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Student research examines effects of filtering rainwater for later use

The water that pours off rooftops in rainstorms presents both a challenge and an opportunity.

The challenge is that the runoff likely eventually makes its way to rivers and streams, carrying dirt, trash, oil, bacteria, and anything else that it picks up along the way. The opportunity lies in storing that rainwater and reusing it before it runs off.

IMG_7412This summer, two Randolph students and a professor worked together on a research project designed to find out whether a filter can increase the quality of water in a rainwater storage system, such as a rain barrel, enough to make it more usable.

“The experiment that we set up at the beginning of the summer was to answer the question, what is the difference between the quality of the water with a filter, and without a filter?” Chris Hollingsworth ’15 said.

“If we can prove that the water, after the filter, is clean enough for people to use, more people will use water from rainwater harvesting systems,” said Dan Phung ’15. “We will save more water, and we will reduce runoff water.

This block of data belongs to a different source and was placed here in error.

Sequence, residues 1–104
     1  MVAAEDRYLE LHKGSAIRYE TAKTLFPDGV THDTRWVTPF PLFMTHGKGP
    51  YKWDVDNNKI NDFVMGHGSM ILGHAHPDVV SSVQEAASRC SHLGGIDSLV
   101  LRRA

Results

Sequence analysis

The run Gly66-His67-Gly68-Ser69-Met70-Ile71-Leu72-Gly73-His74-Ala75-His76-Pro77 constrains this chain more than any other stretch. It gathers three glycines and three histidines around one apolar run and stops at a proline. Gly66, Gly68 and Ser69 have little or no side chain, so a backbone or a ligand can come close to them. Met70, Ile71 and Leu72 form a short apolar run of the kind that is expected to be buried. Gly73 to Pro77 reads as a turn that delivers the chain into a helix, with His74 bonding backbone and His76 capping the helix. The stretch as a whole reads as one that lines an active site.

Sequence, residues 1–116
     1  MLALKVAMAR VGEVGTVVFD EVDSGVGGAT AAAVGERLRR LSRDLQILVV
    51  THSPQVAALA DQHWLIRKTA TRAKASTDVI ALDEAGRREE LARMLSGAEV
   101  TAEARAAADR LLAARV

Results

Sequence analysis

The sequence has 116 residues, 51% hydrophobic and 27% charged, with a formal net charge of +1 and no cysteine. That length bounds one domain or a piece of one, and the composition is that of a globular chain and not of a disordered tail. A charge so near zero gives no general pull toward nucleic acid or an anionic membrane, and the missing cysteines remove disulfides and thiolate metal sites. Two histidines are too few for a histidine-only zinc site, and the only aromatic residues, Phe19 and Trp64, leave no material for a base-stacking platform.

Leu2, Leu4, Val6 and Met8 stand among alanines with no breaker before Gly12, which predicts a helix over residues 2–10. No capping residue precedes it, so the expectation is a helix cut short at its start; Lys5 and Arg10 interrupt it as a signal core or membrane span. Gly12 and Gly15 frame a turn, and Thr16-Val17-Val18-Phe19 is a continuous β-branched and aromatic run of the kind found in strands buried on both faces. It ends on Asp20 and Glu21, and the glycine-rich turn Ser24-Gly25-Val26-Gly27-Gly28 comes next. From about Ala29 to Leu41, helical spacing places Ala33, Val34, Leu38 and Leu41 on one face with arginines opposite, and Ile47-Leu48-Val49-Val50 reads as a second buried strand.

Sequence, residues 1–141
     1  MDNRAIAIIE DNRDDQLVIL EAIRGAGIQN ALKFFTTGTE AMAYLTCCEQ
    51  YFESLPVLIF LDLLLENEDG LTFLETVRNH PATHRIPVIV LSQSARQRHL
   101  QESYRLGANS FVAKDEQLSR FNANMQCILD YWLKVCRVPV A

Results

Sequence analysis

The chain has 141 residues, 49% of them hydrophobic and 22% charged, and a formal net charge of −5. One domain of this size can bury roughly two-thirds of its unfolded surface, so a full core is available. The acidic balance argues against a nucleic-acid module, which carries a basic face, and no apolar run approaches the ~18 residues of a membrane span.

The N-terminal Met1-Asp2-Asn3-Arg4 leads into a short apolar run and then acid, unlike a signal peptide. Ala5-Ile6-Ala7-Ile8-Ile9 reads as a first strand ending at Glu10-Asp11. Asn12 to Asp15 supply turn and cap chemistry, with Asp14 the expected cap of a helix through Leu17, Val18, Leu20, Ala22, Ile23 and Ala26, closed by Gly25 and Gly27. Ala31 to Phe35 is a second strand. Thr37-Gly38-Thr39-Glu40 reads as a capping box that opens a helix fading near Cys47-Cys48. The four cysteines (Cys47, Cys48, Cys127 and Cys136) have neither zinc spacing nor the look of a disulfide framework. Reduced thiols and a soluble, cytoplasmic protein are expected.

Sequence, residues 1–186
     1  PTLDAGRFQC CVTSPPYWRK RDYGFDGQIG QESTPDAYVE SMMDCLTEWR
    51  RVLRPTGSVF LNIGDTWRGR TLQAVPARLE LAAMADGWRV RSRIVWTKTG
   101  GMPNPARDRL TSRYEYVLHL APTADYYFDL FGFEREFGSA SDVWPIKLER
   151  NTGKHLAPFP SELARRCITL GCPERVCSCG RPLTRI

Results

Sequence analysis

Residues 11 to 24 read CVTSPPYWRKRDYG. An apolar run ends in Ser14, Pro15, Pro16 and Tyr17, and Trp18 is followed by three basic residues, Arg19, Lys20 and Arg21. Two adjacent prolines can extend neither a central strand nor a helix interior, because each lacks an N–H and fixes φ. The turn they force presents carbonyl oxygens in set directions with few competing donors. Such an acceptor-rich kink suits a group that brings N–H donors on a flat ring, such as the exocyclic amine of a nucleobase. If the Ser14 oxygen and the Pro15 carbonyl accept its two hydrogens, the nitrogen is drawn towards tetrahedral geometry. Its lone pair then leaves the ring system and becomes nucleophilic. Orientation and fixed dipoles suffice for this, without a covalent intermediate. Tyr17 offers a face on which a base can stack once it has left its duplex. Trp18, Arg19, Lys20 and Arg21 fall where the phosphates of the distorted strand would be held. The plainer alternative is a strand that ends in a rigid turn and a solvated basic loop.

Sarah Sojka, a Randolph environmental studies and physics professor, and the company Rainwater Management Solutions (RMS) recently won a $23,910 grant from the Commonwealth Research Commercialization Fund, a Virginia economic development fund that helps companies fund research that needs to be done for their products. The grant is paying for a study that tracks the quality of water in rainwater storage systems made by RMS over a year.

The summer project was a small subset of the larger project. Instead of focusing on the samples taken from several RMS customer homes, Phung and Hollingsworth tested samples of rainwater from Sojka’s own home.

It was immediately clear that the filters reduced the amount of solids, such as gravel or dirt from the roof and gutters, in the buckets of collected rainwater, Phung said. But chemical tests on the water revealed some differences, too.

“We found that the filtered buckets typically had much less bacteria than the unfiltered buckets,” Hollingsworth said.

The research will continue this fall and in the spring of 2015, so they can collect additional data, including information on the long-term quality of the filtered water.


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